And yet, the NHS is making a big push to stop treating what they consider to be Medically Unexplained Symptoms. That covers things like fibromyalgia, IBS, CFS, chronic pain, bad backs, anxiety, depression (to begin with - other things will be added as time goes on), and they are pushing people into the Mental Health field. They will then refuse to look at physical symptoms of that type in a patient again. Since so many people come here with that kind of symptom we can expect even fewer people to get diagnosed properly in future, they'll be diverted to mental health.

I see this as being a disaster for us, because so many doctors think people with hypothyroidism are mad already and we are diagnosed with so many stupid conditions based on individual symptoms before we ever get a hypothyroidism diagnosis.

This link is to a thread in an ME/CFS forum which details the plans for "treating" i.e. fobbing off patients in future :

In one of the posts a member says they would rather chew off an arm than see a GP. Even though I don't have ME/CFS I'm close to agreeing with the author on that.


Thanks for the link, HB. Just reading my through it now, and I'm reeling. This is a form of abuse, on a grand scale.


I agree. The outcome, as far as I can see, is that death rates from treatment (or lack of it) by doctors and psychologists will rise inexorably. If more and more symptoms are classified as mental health problems then more and more physical problems will be missed.

I haven't been able to work out whether my treatment for chronic pain (the only thing doctors currently treat me for) will be withdrawn if I refuse to take part in any mental health program.

I'm also unclear what happens if I agree to take part in the treatment but still don't get rid of the chronic pain. Are my meds going to be withdrawn?


I think these are questions that need to be put to someone, but I don't know who. The GMC? The royal colleges?

It strikes me that this approach to 'treatment' could be actionable in court. Has this been through any ethical assessment, for instance? Has NICE been involved? It doesn't appear so.


I don't know the answers to your questions. But I agree. I would hope that the NHS would be sued.

But I did see a comment, probably on the site that link came from, that the NHS is probably hoping that the saving in money by not treating people will be sufficient to pay for any court cases.

So that's okay then, torturing patients without being financially worse off is absolutely hunky dory.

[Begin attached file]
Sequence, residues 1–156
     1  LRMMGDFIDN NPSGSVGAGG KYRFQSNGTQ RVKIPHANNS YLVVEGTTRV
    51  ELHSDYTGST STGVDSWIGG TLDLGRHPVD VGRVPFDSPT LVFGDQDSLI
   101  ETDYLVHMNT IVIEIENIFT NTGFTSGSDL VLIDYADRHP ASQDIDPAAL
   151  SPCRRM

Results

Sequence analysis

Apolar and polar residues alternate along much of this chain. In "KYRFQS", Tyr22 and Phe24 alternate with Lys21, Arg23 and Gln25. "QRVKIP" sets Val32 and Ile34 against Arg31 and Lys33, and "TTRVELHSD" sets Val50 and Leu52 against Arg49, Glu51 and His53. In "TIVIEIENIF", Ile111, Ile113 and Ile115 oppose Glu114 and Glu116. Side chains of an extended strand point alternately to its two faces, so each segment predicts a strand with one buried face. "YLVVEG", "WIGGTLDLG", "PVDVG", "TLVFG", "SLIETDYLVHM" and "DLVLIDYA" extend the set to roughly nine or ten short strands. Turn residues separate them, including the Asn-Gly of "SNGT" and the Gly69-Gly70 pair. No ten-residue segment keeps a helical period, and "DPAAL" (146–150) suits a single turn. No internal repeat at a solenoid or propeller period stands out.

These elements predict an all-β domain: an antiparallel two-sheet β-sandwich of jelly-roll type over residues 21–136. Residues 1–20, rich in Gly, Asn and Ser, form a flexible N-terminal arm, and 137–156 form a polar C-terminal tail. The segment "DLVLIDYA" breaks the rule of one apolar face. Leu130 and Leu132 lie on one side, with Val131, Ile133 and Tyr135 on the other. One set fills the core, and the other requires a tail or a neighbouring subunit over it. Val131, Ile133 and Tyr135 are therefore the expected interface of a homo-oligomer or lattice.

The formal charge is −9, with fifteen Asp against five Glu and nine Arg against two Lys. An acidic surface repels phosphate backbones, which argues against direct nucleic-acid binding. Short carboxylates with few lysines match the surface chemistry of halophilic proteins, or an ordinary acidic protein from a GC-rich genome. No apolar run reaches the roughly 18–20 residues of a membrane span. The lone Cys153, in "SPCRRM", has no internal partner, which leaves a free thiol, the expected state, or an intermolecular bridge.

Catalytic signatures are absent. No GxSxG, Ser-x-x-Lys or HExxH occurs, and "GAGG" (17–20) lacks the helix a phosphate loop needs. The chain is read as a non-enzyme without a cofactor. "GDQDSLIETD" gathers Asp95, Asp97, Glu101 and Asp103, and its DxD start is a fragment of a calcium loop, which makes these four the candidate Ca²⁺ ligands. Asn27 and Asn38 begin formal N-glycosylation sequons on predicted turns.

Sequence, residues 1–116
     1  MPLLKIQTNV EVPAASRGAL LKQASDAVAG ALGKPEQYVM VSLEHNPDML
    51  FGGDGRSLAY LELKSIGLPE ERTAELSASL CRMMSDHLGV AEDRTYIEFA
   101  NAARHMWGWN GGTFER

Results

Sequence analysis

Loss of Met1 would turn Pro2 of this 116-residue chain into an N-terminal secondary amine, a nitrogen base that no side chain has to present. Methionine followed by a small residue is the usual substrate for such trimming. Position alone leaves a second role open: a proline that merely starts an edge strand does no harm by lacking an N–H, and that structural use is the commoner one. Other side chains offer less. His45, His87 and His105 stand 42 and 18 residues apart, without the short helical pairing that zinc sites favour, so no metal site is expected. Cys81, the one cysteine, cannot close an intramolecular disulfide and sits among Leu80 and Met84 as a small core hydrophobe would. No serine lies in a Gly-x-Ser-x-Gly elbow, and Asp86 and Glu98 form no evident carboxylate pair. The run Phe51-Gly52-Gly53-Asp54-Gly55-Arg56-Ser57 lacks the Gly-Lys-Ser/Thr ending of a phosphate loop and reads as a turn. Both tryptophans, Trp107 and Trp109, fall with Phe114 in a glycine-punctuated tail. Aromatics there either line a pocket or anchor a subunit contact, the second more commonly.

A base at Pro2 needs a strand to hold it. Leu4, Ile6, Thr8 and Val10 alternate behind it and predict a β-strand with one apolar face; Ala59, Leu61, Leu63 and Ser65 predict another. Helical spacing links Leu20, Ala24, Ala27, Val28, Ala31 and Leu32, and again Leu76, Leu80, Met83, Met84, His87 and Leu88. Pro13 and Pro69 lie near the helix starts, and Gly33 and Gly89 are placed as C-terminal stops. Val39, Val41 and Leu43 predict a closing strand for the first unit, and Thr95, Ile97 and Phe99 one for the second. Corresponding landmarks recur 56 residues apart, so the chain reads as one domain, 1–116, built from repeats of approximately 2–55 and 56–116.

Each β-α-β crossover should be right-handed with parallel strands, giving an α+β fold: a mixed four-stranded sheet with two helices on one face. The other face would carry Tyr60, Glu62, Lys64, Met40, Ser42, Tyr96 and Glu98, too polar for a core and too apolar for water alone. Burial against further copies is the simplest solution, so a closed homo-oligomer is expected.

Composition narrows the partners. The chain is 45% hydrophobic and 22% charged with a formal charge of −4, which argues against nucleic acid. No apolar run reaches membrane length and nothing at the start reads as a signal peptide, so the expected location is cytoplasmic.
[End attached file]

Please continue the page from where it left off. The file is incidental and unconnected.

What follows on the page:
The whole issue of treating people on the NHS seems to be going in the same direction as removing benefits from the sick and disabled. With luck people will start committing suicide or just die, and that saves so much money in healthcare, benefits and pensions. It's a win-win!


Yes, this is a political and financial decision, not a medical, ethical one.


Thank you - very interesting

1 like

Very sobering. Certainly strikes a chord with me.


Yes, very much strikes a chord with me also.


I have been through many docs.

I sat in front of the last one in tears and pleaded for more tests or better meds or anything, please.... even my regular thyroid check??? (150 mcgs levo, havent had it checked in 2 years) 🙍🏻

He sat up and looked me square in the eye, " thyroid problems are just a case of fiddling around with meds, and your fibro - nothing we can do. " !!!!!!!

Month later I tried a new doc, had mouth gashes and ulcers and face covered in spots and lesions, I was an absolute mess.

He did a simple blood test ,

Turns out my b12 is non existent.

How easy was that.

I also have low level inflammation.?????????

I'm scared- what's that?


Taken from

Inflammation is :

The response of body tissues to injury such as trauma or infection. Inflammation is a complex process that can be localised or systemic. When localised, it causes pain, heat, swelling and redness of the affected area; when systemic, it may present as a general feeling or malaise with fatigue and fever.

It is a common finding amongst people on this forum. To minimise it you need to do a lot of self-help. Doctors are unlikely to treat inflammation or go looking for the cause of it, particularly if it is described by them as "low-level".

The kind of self-help I'm talking about is optimising nutrients such as vitamin B12, folate, ferritin, vitamin D. Optimising thyroid treatment. Doctors don't care whether thyroid levels are optimal, they only care about TSH being in range, which isn't the same thing at all. A lot of people have gut problems, and the gut is probably the commonest site for inflammation to be. Another common site is the lungs.

If you haven't already done so, you should write a new post of your own asking for help and suggestions and go from there. Improvements in health are possible for most of us.